5. The Supreme Court had on several occasions considered the broad approach which should govern the grant of permit. One of the earlier cases is Sri Rama Vilas Service(P) Ltd. v. C. Chandrasekaran, AIR 1965 SC 107. The question which arose for consideration in that case related to claim put: forward by a monopolist operator. Gajendragadkar J. (as he then was) observed :
'(7) There can be no doubt that in granting a permit, the appropriate authorities underthe M. V. Act are required to consider the interests of the public generally under Section 47(1)(a), and in assessing the merits of anindividual applicant for a permit on any route, it would be open to the appropriate authority to enquire whether the service which theindividual applicant would render to the public if he is given a permit would be efficient and satisfactory or not. In dealing with this aspect of the matter, it would not be irrelevant for the appropriate authority to hold that if anyapplicant is or would be in the position of amonopolist if a permit was granted to him, he would be liable to neglect the interests of thepublic and may not be very keen on taking allsteps' to keep his service in good and efficient order. Absence of any competition from another bus-operator on the route is likely to develop a feeling of complacence in the monopolist and that is a factor which the appropriate authority can certainly take intoaccount................. (10).............. Speakinggenerally and in a broad way, we do not think it could be seriously denied that encouragingbus-operators who do not own a fleet of busesand discouraging monopoly on the route isconsistent with the interests of the general public which is of paramount importance under Section 47(1)(a) of the Motor Vehicles Act.'
6. In P. Kumaraswamy v. State Transport Appellate Tribunal, Madras, AIR 1976 SC 2202, the Court was dealing with applications for permit for a short route, in the context of Section 47(1) of the Act and R. 155A of the Tamil Nadu Motor Vehicles Rules, the latter being on par with R. 177A of the Rules. Dealing with the system of marks adopted by the Rules, Krishna Iyer J. observed :
'3. The system of marks under the Rules framed under the Act by the Tamil Nadu' Government prescribes the various qualifications for applicants for permits for passenger transport under the M, V. Act, Rule 155-A crystallises these considerations and describes them as guiding principles for the grant of stage carriage permits. The rule itself emphasizes what is obvious that the paramount consideration of the interest of the public, as enshrined in Section 47(1), must be given full weight while awarding permits. That means to say that the various factors set out in rule 155-A are subject to Section 47(1)............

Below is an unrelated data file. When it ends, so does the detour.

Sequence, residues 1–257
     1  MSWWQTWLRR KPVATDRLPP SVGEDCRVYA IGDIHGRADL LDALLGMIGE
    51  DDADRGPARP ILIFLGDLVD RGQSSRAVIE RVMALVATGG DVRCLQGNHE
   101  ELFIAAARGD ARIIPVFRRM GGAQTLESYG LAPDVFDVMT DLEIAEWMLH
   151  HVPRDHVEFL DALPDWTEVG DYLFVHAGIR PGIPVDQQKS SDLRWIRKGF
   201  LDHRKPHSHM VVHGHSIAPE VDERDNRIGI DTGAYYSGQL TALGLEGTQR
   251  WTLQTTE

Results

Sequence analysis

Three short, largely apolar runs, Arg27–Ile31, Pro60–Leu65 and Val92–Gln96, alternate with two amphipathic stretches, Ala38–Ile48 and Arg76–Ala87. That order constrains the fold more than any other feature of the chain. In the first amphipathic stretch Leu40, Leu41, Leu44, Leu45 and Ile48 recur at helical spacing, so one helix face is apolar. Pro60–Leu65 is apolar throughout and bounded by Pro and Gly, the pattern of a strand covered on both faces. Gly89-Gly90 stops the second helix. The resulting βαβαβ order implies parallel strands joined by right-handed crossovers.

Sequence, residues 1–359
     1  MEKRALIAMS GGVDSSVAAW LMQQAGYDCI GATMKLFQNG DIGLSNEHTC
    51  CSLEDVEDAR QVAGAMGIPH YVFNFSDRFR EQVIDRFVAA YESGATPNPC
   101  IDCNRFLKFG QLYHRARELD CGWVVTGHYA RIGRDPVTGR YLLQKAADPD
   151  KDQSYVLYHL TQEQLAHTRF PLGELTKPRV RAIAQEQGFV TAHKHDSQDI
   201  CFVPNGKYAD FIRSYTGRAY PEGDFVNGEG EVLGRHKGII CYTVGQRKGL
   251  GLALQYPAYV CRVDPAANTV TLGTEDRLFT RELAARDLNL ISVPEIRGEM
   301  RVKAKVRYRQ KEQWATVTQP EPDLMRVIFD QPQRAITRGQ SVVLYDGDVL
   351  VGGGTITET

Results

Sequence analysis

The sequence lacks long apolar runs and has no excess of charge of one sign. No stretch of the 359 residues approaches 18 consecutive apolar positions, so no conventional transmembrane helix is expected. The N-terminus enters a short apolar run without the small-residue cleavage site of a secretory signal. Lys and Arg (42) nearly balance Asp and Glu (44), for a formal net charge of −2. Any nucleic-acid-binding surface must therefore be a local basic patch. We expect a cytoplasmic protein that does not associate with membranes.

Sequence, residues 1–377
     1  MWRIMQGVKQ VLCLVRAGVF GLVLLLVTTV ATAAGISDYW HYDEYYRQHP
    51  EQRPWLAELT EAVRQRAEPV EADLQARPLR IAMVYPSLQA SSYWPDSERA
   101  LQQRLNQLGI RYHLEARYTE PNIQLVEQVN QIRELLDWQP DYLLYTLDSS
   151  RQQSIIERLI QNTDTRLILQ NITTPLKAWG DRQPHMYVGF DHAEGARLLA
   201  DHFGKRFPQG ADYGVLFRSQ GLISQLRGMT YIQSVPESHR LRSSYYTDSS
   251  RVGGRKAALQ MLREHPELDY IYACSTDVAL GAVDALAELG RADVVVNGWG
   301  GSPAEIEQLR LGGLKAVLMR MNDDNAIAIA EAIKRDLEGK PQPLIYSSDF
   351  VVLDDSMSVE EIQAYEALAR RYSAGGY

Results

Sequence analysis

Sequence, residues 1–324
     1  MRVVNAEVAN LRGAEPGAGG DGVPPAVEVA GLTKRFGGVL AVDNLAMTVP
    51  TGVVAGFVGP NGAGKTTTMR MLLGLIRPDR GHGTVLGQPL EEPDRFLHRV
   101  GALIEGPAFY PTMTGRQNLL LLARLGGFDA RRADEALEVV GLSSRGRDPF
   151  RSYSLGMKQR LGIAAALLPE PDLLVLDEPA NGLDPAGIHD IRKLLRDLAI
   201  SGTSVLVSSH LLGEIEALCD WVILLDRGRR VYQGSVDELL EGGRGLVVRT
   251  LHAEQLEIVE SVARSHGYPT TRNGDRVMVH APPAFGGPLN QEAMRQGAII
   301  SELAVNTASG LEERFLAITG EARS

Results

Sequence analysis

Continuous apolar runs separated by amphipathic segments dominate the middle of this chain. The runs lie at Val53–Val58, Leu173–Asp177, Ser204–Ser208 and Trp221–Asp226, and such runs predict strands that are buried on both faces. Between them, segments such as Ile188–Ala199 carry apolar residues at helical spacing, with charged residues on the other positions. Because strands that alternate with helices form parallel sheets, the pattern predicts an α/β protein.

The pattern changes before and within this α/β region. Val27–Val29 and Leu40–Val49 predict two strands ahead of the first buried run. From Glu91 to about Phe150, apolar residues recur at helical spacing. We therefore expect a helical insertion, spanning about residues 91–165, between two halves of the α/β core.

4. There is no doubt that bus transport is calculated to benefit the public and it is in the fitness of things that the interest of the travelling public is highlighted while evaluating the relevant worth of the various claimants.
5.............. Sub-rule (5)(i) of Rule 155-A states thatpreference shall, other things being equal, be given in the disposal of applications in respect of short routes ............ to persons who havenot held any permit for a stage carriage. Among the considerations which must weigh with the authorities entrusted with the power to grant permits, is business or technical experience in the field of motor vehicles operation. Rule 155A in Item (D), Sub-rule.(3) specifically states 'two marks shall be awarded to the applicants who have business or technical experience in the road transport service as defined in Clause (a) of Section 68-A of any class of transport vehicles for a period of ten years or more'.
6. ............. The short question that,therefore, fell before the Appellate Authority was as to whether other things were equal........
7. ..The error that has crept into the order of the Appellate Tribunal consists in thinkingthat the rules or guidelines could be discarded in the name of Section 47(1). Actually, Rule 155-A is in implementation of Section 47(1), but is not exhaustive of all the considerations that will prevail in a given situation. Therefore, it is that there is jurisdiction given to the Tribunal to take note of other considerations in public interest flowing out of Section 47(1). Not that the sub-rules of Rule 155-A can be discarded, but that they may be supplemented or out weighed. No( that in the name of public interest, something opposed to the Sub-rules of Rule 155 A can be done but that, within the combined. framework of Section 47(1) and Rule 155-A, there is scope for play of the jurisdiction of the Tribunal to promote public interest.'
The Court came to the conclusion that 'other things' are not unequal merely because one of the applicants had experience by operating lorry transport and the other had experience by operating bus transport.
7. In D. R. Venkatachalam v. Dy. Transport Commr., AIR 1977 SC 842, the Court had to consider the weightage and preference shown in the Tamil Nadu Motor Vehicles Rules to State Transport Undertakings. The Rules were held to be valid and consistent with the provisions in Section 47(1) of the Act. Krishna Iyer J. observed :